But landlords are not required to inform tenants of these protections
and are free to file eviction lawsuits. Only renters who know about the
CDC ban, qualify for it and take legal action to assert their rights can
stop their evictions. Among the 24 cities the Eviction Lab tracks,
Columbus is one of the few where evictions did not fall after the ban.
[to top of second column]
Kiki and Greg Kullman with their twin boys, Cam and Kyle pose in
Columbus, Ohio, U.S. in this undated handout picture. Courtesy of
the Kullman family/Handout via REUTERS
The fallout can be seen across Columbus. The local pot of money from federal
relief to help cash-strapped tenants pay rent was tapped out in September. Food
banks are running low on staples, and homeless shelters are at capacity,
according to community advocates.
Utility shut-offs have surged to the point that lawyers for the Legal Aid
Society of Columbus have resorted to filing personal bankruptcy petitions for
tenants to keep their heat, lights and water on.
If present conditions persist, and without a new round of federal relief, as
many as 40 million people could be at risk of eviction in coming months,
according to the Aspen Institute, a think tank. In a typical year, 3.6 million
eviction cases are filed.
'BEING POOR COSTS YOU'
Even before the pandemic, McGee, 29, was struggling financially. In 2014, she
bought a 2008 Chevy Malibu off a corner lot charging 22% interest. She said the
junker stopped running long ago, so she stopped paying in 2016. McGee said she
offered to return the vehicle, which has 176,475 miles on it, but the lender
wouldn't take it back.
In March, McGee’s live-in boyfriend lost his job at a fast-food restaurant as
Ohio went on lockdown, cutting their household's income. In August, he was
diagnosed with COVID-19 and the entire family had to quarantine. That same week,
McGee got a call from her employer, telling her that her lender had gotten a
court order to garnish 25% of her wages to repay more than $10,000, with
penalties and late fees, that she still owed on the car.
That left her with take-home pay of $728 every two weeks. She couldn't afford
school supplies for her sons and had to borrow gas money from her mom to get to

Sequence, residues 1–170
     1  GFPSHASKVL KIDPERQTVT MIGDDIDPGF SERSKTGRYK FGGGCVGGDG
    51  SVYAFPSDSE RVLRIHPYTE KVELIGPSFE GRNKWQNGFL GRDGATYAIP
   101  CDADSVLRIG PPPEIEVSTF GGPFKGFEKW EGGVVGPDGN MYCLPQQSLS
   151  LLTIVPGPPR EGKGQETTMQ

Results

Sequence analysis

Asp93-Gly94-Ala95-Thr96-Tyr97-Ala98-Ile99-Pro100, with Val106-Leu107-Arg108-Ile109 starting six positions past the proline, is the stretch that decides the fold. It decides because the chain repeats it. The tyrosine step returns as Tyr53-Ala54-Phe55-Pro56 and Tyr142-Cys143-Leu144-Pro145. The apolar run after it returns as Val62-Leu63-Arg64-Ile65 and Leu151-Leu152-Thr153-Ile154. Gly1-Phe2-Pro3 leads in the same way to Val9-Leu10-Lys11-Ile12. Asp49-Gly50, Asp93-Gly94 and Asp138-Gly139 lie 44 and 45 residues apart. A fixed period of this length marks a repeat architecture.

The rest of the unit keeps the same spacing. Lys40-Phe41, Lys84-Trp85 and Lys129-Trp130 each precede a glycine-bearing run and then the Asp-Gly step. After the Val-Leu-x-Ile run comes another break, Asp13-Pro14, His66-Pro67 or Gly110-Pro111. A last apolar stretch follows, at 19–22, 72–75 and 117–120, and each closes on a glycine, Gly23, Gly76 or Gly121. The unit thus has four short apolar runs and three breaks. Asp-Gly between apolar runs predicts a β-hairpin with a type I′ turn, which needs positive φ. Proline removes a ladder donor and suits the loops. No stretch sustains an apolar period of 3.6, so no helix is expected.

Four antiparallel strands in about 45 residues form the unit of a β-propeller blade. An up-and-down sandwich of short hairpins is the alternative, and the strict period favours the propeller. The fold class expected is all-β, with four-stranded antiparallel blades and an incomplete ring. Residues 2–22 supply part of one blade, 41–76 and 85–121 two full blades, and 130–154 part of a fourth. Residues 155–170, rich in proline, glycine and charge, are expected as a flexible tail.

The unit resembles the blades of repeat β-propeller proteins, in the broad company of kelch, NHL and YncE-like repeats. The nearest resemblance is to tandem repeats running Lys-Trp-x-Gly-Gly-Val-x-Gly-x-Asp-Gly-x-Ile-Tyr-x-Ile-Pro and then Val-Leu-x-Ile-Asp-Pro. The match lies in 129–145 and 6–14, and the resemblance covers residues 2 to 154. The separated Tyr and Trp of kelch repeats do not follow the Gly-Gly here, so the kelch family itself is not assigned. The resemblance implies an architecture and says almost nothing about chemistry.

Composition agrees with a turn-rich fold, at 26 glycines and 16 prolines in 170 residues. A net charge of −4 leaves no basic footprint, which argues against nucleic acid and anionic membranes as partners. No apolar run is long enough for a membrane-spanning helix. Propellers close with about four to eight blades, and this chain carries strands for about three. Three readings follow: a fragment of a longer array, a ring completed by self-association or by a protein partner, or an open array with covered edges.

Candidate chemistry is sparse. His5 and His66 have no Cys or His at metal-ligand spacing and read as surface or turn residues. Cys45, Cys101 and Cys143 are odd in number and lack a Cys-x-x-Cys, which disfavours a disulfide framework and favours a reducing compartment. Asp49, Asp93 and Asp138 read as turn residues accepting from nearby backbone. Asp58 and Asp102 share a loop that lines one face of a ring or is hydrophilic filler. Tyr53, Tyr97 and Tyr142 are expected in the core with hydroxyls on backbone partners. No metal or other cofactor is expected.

work in her boyfriend's car.
“It was heartbreaking, it was everything all at once,” said McGee, who wears
rectangular glasses and has a broad, easy smile.
She sought help from Paul Bryson, an attorney with the Legal Aid Society who
filed a bankruptcy petition in October to get McGee’s utilities turned back on
and the garnishment frozen. The court approved the petition, but not before
McGee's lender took $1,023 of her wages.
“Being poor costs you a lot of money,” Bryson said. “Even before the pandemic,
somebody’s entire life falls apart when they get a garnishment. And now? If
nothing is done, we are just going to have a lot of people on the street.”
McGee’s car lender, Columbus Mortgage, did not respond to requests for comment.
LIVING THE DREAM
For years, Kullman, the real estate agent, fantasized about living on Bedford
Road, a coveted address in the Columbus suburbs.
In the region's poshest neighborhoods, sumptuous houses that make perfect
pandemic compounds, with amenities like his-and-hers home offices and roomy
basements for online schooling, can sell in a day, often with multiple offers in
all-cash deals well above the asking price. Kullman said some shoppers are
submitting bids without ever touring a house. The most desperate are agreeing to
“no-remedy” inspections, meaning they won’t ask for concessions if the
inspection turns up a major defect. Others, she said, have authorized “crazy
escalation clauses with no cap.” In real estate parlance, that means they will
beat any other offer, no matter how high the price.
“You have to sign away your life to get the house you want,” Kullman said.
In August, Kullman, who runs the Kullman Group at Street Sotheby’s International
with her husband, father and sister, found out that a couple who lived on
Bedford Road were about to move. She made a bid before the house hit the market
and the owners accepted. The Colonial is right next door to her sister’s home;
their kids will share backyards.
Kullman is aware of her good fortune amidst the pandemic, and the mean hand that
coronavirus has dealt to the city’s most vulnerable.
Her husband has been doing business with a landlord who’s selling a portfolio of
homes in Columbus’s low-income neighborhood of Linden. Non-paying tenants in
those properties have been getting eviction notices.
“It is night and day, what we see here,” Kullman said. “Which is not what you
would expect in COVID. It’s sad but it’s true.”
(Reporting By Michelle Conlin in New York; Editing by Tom Lasseter and Marla